Key Data Source 4: Mapping

Mapping converts data into visual references based on location. The visual effect creates a new perspective, making customer/member and prospect clusters as well as their proximity to you and competitors’ financial institutions more visible. For example, in an area dominated by apartment buildings, a personal loan may seem appropriate; however, when demographic, psychographic, and propensity data are overlaid, the dwellers may be more prone to be in the market for a mortgage. It is important to partner with your compliance affiliates to avoid regulatory concerns and mitigate any risks with the usage of mapping and demographic data for marketing perspectives.

Key Data Source 5: Credit Scores

Credit score data leverages a secondary credit risk ranking to help create segments and determine opportunities. A strong credit score is a great indicator for prequalified offers and prescreening for credit increases and activations. However, credit monitoring services, like FICO, are highly regulated. If used with close monitoring and approval from compliance affiliates, the data can help create a powerful and personalized experience to delight your customers/members and strengthen your connection.

Key Data Source 6: Credit Monitoring

Credit monitoring data allows you to know what customers/members are doing outside of your financial institution. “What if you could monitor what your customers and members are doing outside of your organization and take action on it?” asks Andrew Lampkins, SVP of Marketing Client Relationships at Marquis. Credit monitoring helps drive timely and relevant marketing messages at the right time.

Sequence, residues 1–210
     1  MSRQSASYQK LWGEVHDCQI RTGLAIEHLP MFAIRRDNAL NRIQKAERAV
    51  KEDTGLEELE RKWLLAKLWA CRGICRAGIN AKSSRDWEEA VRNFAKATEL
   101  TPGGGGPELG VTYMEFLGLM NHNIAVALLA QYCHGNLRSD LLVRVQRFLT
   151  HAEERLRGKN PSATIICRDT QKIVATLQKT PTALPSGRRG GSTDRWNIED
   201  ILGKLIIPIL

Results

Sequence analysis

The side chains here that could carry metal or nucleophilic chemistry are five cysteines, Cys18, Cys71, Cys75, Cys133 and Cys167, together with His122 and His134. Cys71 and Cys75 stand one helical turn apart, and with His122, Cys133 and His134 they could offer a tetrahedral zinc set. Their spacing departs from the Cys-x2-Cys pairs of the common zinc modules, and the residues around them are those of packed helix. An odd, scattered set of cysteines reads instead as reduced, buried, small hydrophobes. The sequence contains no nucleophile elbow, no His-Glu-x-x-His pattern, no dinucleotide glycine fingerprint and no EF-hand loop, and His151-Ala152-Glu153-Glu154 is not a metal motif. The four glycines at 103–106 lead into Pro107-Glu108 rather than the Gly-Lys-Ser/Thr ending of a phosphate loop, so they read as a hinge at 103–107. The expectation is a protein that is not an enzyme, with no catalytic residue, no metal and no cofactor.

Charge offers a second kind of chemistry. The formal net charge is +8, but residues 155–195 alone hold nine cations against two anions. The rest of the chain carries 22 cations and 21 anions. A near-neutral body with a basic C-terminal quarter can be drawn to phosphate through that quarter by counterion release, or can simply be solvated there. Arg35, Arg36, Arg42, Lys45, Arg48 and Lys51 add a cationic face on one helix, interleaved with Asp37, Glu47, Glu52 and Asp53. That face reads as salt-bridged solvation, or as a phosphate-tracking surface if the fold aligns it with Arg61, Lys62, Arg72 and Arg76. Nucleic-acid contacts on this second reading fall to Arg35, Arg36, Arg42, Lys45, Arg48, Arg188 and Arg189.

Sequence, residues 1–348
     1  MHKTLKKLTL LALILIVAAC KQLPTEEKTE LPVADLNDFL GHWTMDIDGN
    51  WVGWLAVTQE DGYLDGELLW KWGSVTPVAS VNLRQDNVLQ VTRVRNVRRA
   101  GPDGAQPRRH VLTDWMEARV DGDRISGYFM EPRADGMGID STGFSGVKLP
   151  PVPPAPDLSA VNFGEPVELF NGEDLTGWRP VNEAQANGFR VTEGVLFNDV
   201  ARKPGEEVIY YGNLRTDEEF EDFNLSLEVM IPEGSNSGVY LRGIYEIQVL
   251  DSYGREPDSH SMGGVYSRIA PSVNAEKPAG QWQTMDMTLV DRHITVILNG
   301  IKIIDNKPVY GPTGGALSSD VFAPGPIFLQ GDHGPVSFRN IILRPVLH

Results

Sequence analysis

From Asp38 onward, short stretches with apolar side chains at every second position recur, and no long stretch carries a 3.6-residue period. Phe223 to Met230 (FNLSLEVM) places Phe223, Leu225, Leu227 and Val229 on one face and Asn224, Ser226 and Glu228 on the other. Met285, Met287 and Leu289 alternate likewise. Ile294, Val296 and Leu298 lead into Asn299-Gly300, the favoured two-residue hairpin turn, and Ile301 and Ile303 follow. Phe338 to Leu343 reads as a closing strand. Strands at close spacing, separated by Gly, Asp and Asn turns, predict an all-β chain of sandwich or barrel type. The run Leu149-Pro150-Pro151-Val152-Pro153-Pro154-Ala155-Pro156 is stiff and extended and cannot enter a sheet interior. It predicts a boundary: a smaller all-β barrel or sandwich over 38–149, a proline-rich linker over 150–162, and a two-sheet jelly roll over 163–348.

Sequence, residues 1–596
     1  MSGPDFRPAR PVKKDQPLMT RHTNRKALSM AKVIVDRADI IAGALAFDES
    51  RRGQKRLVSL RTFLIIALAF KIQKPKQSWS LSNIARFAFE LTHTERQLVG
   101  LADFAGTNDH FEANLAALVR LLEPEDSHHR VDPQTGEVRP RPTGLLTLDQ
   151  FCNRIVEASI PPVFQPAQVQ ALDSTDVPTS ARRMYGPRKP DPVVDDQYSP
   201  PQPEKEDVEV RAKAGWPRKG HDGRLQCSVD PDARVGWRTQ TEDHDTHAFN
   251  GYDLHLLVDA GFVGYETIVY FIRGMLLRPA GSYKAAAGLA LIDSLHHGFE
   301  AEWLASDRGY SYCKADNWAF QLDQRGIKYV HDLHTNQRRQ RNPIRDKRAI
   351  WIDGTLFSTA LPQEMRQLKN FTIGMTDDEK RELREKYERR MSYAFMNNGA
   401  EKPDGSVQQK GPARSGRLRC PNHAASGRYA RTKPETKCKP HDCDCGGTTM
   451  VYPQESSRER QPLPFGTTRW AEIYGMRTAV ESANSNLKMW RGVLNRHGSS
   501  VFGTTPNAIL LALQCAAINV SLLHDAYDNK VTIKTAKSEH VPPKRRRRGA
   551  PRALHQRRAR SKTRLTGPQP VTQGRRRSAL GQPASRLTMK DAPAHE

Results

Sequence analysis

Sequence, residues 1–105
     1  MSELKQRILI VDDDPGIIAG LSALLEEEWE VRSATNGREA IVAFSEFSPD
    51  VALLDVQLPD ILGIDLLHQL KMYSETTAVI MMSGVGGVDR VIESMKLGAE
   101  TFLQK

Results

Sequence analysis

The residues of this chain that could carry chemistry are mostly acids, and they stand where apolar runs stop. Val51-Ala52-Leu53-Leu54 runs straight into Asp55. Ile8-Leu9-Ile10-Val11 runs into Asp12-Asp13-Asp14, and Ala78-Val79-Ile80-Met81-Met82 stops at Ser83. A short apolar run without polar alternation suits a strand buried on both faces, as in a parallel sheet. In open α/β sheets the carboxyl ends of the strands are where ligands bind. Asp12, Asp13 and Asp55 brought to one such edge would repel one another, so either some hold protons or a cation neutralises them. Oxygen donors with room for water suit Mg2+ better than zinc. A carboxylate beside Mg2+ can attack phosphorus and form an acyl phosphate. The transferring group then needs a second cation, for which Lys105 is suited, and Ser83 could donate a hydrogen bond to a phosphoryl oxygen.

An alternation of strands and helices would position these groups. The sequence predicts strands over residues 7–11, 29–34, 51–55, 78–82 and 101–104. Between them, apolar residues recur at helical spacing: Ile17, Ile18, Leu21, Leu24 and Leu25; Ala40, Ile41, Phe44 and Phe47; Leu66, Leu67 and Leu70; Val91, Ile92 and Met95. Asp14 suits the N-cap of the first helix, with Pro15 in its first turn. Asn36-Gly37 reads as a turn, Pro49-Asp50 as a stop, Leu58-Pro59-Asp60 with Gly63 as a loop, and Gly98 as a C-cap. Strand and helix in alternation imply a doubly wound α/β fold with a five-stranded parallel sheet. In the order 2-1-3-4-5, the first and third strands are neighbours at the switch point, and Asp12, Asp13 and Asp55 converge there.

Data Management and Reporting

With the vast amount of intelligence collected from these sources, interpreting the data often can be daunting, time consuming, and utilize multiple resources. Using a partner to collect and interpret the data may help to alleviate the strain. Companies like Marquis put their experience and expertise at their client’s disposal. Marquis’ insights help develop strategic marketing plans based on their data, the institutions unique customer/member base and the financial institution’s product offerings.

Without measurable results, ROI can be attributable to other sources. Marquis also offers reporting tools to help their clients discover what campaigns are successful and where programs can improve. The Marquis NEXT Reporting Tool delivers a complete view of campaigns, from product performance to opening rates. Lampkins adds, “A tool like Marquis NEXT is ideal to see the growth of new products due to your campaigns.”

Go Forth and Personalize!

Data is valuable. The insight it provides is the basis of any personalization which guides us on who to target, what consumers want, when they want it and where they are most likely to view the message.

For these reasons, these six data sources are essential to your marketing strategy. They are the keys to winning campaigns with compelling offers and a personalized experience. You’ll gain valuable insights, allowing you to learn more about your audience and their needs. Multiple data sources will also uncover new marketable segments that enable continuous growth. Most importantly, personalized content with the right message delivered at the right time creates loyal and lifelong customers/members who will turn to you first for their financial needs.

[1] Invesp https://www.invespcro.com/blog/data-driven-marketing/

[2] Accenture https://www.accenture.com/_acnmedia/pdf-77/accenture-pulse-survey.pdf

Getting Your Message Across Without Shouting in a Storm